At a campaign stop in Tulsa, Okla., Gingrich said defeating Obama was "in fact, a duty of national security."
"Because the fact is, he is incapable of defending the United States," the former House Speaker said.
Gingrich noted that in this "dangerous" world, Obama is failing to deal with international threats.
"The president wants to unilaterally weaken the United States, he wants to cut the aide to Israel for its anti-ballistic missile defense, he refuses to take Iran seriously," Gingrich said.
Gingrich has said the United States should take whatever steps are necessary to prevent Iran from obtaining a nuclear weapon, but emphasizes that covert operations to assassinate the country's nuclear scientists should come first.
Obama, on the other hand, has implemented stiff sanctions against the country. His administration is strongly urging Israel not to attack Iran's nuclear facilities, as it is threatening to, but maintains that Obama is a strong supporter of Israel.
As his home state, Michigan may be a make or break state for Mitt Romney in the primary next week. As one GOP senator told ABC News' Jonathan Karl, "If Romney cannot win Michigan, we need a new candidate."
The senator, who requested anonymity, said Republicans would "get killed" in the general election if their nominee could not even win in the state in which he grew up.
"He'd be too damaged if he can't even win in Michigan, where his family is from, where he grew up," said the prominent GOP senator, who has yet to endorse a candidate.
While there have been few recent polls on the Michigan race, Santorum and Romney seem to be in a dead heat there. The state holds its primary Tuesday.
Rick Santorum took his criticism of the president to the next level last week when he accused Obama of operating under a "phony theology."
"It's not about you. It's not about your quality of life. It's not about your job," Santorum said of the president's agenda at a Tea Party rally in Columbus, Ohio. "It's about some phony ideal, some phony theology. Oh, not a theology based on the Bible, a different theology, but no less a theology."
While Santorum has since insisted that he was not questioning Obama's Christian faith, Obama's deputy press secretary Ben LaBolt said his comments were the "latest low in a Republican primary campaign that has been fueled by distortions, ugliness, searing pessimism and negativity."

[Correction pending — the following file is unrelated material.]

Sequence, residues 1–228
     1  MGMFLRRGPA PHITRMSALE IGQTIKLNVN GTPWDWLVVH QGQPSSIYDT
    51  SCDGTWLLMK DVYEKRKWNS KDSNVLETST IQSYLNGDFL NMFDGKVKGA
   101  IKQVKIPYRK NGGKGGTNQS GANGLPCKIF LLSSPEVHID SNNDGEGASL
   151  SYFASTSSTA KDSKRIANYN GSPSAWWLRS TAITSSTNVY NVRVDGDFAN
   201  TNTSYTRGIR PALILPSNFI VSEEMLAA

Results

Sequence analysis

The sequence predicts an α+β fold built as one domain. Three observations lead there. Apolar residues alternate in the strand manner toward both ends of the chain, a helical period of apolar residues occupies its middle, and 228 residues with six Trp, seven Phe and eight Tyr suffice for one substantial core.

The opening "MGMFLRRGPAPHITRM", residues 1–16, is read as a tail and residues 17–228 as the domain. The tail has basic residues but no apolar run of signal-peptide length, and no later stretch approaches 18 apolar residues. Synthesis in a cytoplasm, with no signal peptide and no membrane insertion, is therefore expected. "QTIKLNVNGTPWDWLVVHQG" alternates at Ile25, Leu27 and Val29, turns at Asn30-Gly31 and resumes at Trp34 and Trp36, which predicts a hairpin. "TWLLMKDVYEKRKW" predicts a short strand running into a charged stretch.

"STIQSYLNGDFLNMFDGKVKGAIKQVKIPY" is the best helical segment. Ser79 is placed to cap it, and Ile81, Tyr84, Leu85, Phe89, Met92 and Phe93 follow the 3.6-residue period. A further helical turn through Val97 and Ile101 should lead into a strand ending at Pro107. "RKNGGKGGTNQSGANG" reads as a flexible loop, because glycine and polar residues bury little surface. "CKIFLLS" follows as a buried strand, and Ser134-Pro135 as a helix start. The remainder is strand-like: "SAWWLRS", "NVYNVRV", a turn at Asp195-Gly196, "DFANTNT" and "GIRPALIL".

|'Well Over the Line'|
Question his policies, criticize his decisions, but don't mess with President Obama's religion, or you'll have to answer to former Obama press secretary Robert Gibbs. Gibbs blasted Santorum last Sunday for being "well over the line" for saying the president operated under a "phony ideology."
"It's wrong, it's destructive and it makes it virtually impossible to solve the problems we face together as Americans," Gibbs said on ABC's "This Week." "It's just time to get rid of this mindset in our politics that if we disagree we have to question character and faith."
Gibbs said the GOP primary has been a "race to the bottom" with candidates opting for character attacks rather than sticking to policy decisions.
|'Does the Word Hypocrisy Come to Mind?'|
At a time in U.S. politics when "bailout" is a practically a curse word and "earmark" is nearly a bleep-able offense, Santorum charged Romney with having "heroically bailed out" the Salt Lake City Olympics by securing an "earmark" from Congress.
"He heroically bailed out the Salt Lake City Olympic Games by heroically going to Congress and asking them for tens of millions of dollars to bail out the Salt Lake games — in an earmark, in an earmark for the Salt Lake Olympic games," Santorum said, while campaigning in Ohio.
Romney often touts his tenure at the helm of the 2002 Winter Olympics as an example of his experience. Romney claims to have saved the games after a bribery scandal, but has come under fire for requesting federal money to prop up the troubled Olympics.
Romney's Olympic "bailout," as Santorum calls it, is not the only insult the former Pennsylvania senator was slinging last weekend.
"Now Governor Romney is suggesting, 'Oh, Rick Santorum earmarked,' as he requested almost half a billion dollars in earmarks as governor of Massachusetts to his federal congressmen and senators," Santorum said. "Does the word hypocrisy come to mind?"
|'You Can't Vote for Him'|
Romney left the sugar-coating at home during a campaign speech in Boise, Idaho last week. The former Massachusetts governor told the crowd straight up that they "can't vote for Rick Santorum."
"If you want a fiscal conservative you can't vote for Rick Santorum because he's not, he's not a deficit hawk, he says he's not a deficit hawk," Romney said. "I am. I'm a fiscal conservative. I'll balance the budget."
Romney rarely mentions Santorum by name on the campaign trail, but after Ohio Attorney General Mike DeWire switched his support from the Romney camp to the Santorum team, Romney was riled up and on the attack.
"Senator Santorum is getting his moment in the spotlight now, which is a good thing," Romney said.
"I hope people take a very close look at his record, because he was in Congress for about 20 years and during that time the size of the federal government doubled during his time in office."
"And by the way," Romney added, "he voted to raise the debt ceiling five different times without compensating cuts. And he's a big proponent of earmarks. He voted for billions of dollars of earmarks including the bridge to nowhere."
|'Mean to Dogs'|
It might sound like a trite pull on the emotional heart strings, but the accusation that Romney is "mean to dogs" is a charge that is proving to be immortal.
The story of how Romney strapped his family dog Seamus' kennel to the roof of his station wagon -- with the dog inside -- during a 12-hour drive, has come back to haunt the presidential candidate more than 20 years after the fact.
The tale has now spawned the anti-Romney group "Dogs Against Romney," which protested outside the Westminster dog show in New York City last week "to ensure pet lovers are aware that Mitt Romney is mean to dogs."